- Museum number
Portrait of a dead child, previously identified as Percy Lemprière; head turned to right, eyes closed
Graphite and black chalk; on buff paper
- Production date
Height: 209 millimetres
Width: 155 millimetres
- Curator's comments
- This posthumous portrait of an infant was donated to the department by Eric Millar, a former Keeper of Manuscripts at the British Museum. Posthumous portraiture was common throughout the 17th and 18th Centuries, when infant mortality rates were high. They continued into the mid-19th Century, but became much less common with the advent of photography. We can speculate that the small plaited bun on the child’s forehead may have been swept forward to be removed for use in mourning jewellery, which was greatly in vogue throughout the Victorian era.
The work is accompanied by a label in Millar’s hand, which reads as follows: 'I obtained this drawing, which has an attribution to Sir J. E. Millais, from F. R. Meatyard, 2 May 1921 … who had purchased it at Sotheby's. It had previously belonged to G. P. Dudley Wallis Esq. (son of a curator of the Nottingham Museum) to whom this attribution was due. Miss Mary Millais suggests it may be a portrait by her father of Master Percy Lemprière, son of Col. Lemprière’.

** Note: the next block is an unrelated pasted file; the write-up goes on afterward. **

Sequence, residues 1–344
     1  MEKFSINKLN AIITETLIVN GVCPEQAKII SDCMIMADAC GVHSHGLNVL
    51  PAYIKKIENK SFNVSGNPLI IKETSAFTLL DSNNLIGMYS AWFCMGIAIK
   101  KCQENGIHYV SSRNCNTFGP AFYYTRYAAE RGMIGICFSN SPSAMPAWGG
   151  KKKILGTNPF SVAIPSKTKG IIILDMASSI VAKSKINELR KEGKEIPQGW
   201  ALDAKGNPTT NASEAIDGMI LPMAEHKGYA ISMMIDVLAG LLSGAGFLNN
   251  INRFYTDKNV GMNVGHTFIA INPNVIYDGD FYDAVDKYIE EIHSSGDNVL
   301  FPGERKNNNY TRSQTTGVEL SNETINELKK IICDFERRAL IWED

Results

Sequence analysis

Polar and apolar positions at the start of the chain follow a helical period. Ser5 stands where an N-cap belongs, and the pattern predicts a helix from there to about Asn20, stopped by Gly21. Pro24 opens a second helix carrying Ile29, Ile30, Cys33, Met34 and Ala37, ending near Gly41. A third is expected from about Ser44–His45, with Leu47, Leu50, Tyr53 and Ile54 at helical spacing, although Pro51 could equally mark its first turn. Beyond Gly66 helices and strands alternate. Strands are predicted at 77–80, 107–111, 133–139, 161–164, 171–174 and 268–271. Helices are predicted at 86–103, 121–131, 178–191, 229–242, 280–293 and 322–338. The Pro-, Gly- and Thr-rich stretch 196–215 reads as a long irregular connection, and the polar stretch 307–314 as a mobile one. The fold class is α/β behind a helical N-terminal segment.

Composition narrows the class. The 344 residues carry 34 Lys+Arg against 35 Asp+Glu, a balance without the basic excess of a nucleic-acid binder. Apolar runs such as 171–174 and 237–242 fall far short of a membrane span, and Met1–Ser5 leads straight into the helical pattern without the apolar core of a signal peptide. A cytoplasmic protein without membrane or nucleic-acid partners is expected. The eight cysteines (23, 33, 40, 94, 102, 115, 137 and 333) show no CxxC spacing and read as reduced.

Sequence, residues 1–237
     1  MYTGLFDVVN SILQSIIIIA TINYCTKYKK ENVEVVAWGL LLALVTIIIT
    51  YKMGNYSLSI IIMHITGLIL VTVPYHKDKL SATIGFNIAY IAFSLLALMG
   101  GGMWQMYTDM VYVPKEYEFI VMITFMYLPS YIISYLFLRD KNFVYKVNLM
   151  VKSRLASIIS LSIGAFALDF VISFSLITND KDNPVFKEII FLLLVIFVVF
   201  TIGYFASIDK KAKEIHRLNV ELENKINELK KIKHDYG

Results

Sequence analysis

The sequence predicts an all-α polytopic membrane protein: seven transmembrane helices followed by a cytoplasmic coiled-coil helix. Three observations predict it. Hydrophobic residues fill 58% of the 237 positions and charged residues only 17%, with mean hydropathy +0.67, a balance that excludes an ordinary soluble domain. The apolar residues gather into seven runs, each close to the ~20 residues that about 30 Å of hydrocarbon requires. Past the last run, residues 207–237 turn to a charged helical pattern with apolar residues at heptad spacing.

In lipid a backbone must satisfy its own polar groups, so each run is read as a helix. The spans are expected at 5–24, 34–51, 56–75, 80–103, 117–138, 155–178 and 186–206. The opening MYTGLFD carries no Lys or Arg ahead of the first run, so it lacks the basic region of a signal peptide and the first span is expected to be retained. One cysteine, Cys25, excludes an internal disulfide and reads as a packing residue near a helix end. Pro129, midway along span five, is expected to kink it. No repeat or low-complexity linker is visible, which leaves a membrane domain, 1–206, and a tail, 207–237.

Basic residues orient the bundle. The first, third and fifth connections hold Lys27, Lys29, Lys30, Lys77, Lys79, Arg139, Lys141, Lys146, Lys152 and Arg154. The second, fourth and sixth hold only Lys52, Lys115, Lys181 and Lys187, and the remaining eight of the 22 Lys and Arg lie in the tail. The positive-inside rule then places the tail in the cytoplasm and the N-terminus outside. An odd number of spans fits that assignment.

This comment explains the former attribution to Millais, but poses some problems. Millais was a close friend of the Lemprière family in Jersey, especially Arthur and Henry, Percy’s elder brothers. (Arthur went on to be the model for the ‘Huguenot’ in the 1854 painting of the same name, now in a private collection.) However, Percy lived to the age of 41, dying in Manchester in 1880. It is therefore highly unlikely that he was the model for this drawing. In addition, the style of the work does not match others by Millais of members of the Lemprière family executed in the 1840s, when Percy would have been the correct age for such a depiction. (See, for example, ‘Harry & Arthur Reid Lemprière & Emily Lemprière, 1847, Leicester Galleries.) Nor do the black chalk shading and accents resemble later samples of Millais’s draughtsmanship, which display a more linear quality and a preference for ink over chalk. The drawing is also lacking Millais’s monogram that usually appears on his more finished drawings.
J.G. Millais, The Life and Letters of Sir John Millais, London, 1899.
[This curatorial comment was written by Olivia Ghosh, Anne Christopherson Fellow, Dept of Prints and Drawings, 2017]
- Not on display
- Exhibition history
2017 5-28 Sept, BM, 'Ways of Knowing' (no cat)
- Acquisition date
- Acquisition notes
- Meatyard purchased drawing at Sotheby's.
- Prints and Drawings
- Registration number